In the next section, we aim to demonstrate the crucial role of adult learning in national and international efforts both in overcoming the current pandemic and in preparing the global community for possible future ones.

Adult learning and education – a natural instrument to improve safety in health and well-being

The United Nations Educational, Scientific and Cultural Organization (UNESCO) perceives adult learning and education (ALE) as a means to help tackle pressing economic, social and environmental challenges, and argues for promoting stronger ALE policies and practices in UNESCO Member States (UIL 2020). Many of these Member States are developing countries that still have large numbers of low-literate adults, despite efforts to improve literacy rates in the context of large-scale literacy agendas such as the UNESCO-led education for all (EFA) initiative promoted in 2000–2015.

This appeal resonates with the current United Nations 2030 Agenda with its 17 Sustainable Development Goals (SDGs) (UN 2015). Dedicated to education, the fourth of these goals, (SDG 4), calls for the promotion of lifelong learning (including ALE), particularly in developing countries where ALE is important for those who have been excluded from acquiring, or have failed to acquire, basic competences through formal schooling (UIL 2009, p. 67).

Amina Osman et al. (2017, p. 23) state that the benefits of education and health for individual life opportunities and societal advantages are widely known. They also point out the strong mutually reinforcing relationship between education and health, where improvement in one has clear positive impacts on the other. A country’s national well-being is measured by how well it succeeds in furthering the health of the majority of its population. Education and indeed ALE can contribute to equipping citizens with life skills that are critical for improving and maintaining their health and well-being. By disseminating information and health messages about nutrition, substance abuse and emergency plans to promote health and to mitigate health risks, particularly among women and rural and minority groups in contexts of poverty (especially in the Global South), these disadvantaged groups can be reached and included. ALE, which includes the promotion of literacy and numeracy, provides critical foundational components for addressing challenges that persist among the poor, wherever they are, regardless of their country’s national gross domestic product (GDP).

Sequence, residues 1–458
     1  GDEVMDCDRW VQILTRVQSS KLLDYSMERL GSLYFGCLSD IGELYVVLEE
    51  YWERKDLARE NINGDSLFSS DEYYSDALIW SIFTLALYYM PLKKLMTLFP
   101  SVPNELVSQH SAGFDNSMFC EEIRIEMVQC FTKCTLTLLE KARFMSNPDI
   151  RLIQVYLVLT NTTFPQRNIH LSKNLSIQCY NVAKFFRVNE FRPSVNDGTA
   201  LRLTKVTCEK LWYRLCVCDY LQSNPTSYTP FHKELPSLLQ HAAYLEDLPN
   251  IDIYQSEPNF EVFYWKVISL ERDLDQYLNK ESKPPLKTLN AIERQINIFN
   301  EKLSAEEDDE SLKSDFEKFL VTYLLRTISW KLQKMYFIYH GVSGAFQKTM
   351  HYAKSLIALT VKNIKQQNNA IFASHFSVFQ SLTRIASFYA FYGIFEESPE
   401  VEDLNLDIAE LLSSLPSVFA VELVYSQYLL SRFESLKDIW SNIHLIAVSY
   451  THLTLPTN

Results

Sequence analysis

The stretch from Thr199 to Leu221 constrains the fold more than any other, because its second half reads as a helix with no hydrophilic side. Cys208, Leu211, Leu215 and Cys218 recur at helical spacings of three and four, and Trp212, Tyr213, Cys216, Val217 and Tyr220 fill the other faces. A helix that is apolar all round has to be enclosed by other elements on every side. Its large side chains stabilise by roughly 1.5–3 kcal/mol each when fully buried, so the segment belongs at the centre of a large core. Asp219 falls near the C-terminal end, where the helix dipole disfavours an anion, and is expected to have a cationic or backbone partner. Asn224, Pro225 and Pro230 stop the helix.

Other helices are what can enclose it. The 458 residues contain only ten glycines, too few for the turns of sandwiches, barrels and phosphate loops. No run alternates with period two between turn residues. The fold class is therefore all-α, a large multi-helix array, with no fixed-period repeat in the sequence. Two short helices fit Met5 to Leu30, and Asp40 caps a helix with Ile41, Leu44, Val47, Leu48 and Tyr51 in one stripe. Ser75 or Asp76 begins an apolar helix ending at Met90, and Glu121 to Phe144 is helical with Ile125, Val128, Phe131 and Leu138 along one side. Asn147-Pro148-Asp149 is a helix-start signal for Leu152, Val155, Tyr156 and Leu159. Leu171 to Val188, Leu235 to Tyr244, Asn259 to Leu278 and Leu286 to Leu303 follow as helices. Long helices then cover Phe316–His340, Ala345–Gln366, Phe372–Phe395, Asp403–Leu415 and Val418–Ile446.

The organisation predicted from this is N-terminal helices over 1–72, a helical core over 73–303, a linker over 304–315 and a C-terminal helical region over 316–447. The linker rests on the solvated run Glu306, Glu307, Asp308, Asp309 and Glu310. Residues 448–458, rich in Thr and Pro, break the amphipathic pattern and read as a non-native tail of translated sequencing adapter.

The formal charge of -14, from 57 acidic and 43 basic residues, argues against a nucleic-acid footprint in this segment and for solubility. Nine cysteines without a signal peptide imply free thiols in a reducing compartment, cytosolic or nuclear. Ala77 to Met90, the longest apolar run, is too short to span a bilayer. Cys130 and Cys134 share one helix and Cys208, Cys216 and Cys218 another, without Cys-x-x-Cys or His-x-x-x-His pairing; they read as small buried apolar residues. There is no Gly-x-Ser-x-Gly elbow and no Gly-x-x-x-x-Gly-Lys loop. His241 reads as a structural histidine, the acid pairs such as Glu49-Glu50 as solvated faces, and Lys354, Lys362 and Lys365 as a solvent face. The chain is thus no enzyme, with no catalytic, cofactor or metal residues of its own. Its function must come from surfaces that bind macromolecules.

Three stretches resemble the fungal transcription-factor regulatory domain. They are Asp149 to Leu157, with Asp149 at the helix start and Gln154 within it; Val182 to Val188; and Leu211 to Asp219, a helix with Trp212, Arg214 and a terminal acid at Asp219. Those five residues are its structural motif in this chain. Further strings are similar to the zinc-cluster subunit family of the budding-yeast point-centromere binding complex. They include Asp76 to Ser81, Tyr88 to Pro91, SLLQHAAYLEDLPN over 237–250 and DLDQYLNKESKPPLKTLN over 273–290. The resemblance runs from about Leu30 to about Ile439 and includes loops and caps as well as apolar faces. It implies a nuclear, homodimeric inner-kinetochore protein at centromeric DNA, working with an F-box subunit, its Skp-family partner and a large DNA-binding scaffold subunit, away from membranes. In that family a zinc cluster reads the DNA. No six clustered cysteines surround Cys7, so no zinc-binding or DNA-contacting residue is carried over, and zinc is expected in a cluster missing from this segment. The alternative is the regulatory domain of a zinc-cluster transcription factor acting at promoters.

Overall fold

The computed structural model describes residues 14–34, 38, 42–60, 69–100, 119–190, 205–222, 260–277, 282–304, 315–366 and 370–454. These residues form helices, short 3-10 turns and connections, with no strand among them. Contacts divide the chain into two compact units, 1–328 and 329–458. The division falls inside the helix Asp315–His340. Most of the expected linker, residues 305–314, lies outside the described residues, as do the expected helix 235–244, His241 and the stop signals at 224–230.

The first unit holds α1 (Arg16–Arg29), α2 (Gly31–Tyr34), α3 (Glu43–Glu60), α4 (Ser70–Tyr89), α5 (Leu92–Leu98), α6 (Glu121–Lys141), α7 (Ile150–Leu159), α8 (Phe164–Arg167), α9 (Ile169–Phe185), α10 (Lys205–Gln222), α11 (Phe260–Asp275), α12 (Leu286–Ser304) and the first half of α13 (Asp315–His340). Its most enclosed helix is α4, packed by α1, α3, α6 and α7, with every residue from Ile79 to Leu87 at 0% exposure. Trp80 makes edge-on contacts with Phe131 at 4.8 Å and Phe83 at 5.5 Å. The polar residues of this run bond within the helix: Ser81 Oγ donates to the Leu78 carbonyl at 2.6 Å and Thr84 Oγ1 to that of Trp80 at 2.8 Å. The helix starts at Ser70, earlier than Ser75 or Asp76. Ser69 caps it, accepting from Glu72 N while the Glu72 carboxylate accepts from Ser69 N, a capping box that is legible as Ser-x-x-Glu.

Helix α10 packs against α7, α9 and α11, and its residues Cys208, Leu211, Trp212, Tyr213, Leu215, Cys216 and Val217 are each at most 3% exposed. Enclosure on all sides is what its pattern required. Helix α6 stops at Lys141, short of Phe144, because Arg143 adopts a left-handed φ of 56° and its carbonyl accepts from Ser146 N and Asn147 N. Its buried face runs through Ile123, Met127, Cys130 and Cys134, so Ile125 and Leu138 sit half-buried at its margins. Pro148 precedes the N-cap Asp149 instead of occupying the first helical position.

In his recently published book, The Cruel Pedagogy of the Virus, Portuguese sociologist Boaventura de Sousa Santos (2020) reflects on the impact on the world as it is being plunged into crisis by the virus, and he considers the long-term prospects this may have. De Sousa Santos identifies the intrinsic inability of many current economic systems to face the challenges caused by the pandemic, revealing the deep social, economic, political, cultural, environmental and educational inequalities resulting from a focus on the market at the expense of ensuring that the basic needs of the population and the planet are met.

Poor citizens and elderly people are particularly vulnerable

While many commentators argue that the virus is largely indiscriminate, the Guardian newspaper’s United States southern bureau chief Oliver Laughland (2020) refers to the high mortality rates in Louisiana, which suggest a racially disproportionate per capita death rate among America’s poorest. As he states,

seventy per cent of those who have died here are black, despite African Americans making up only 32% of the state population (ibid.).

He attributes this to the

nexus of intergenerational poverty [in the deep South of the United States], a greater prevalence of underlying health conditions, and less access to healthcare [which] are certain to have more pronounced consequences for the black community as the virus proliferates (ibid.).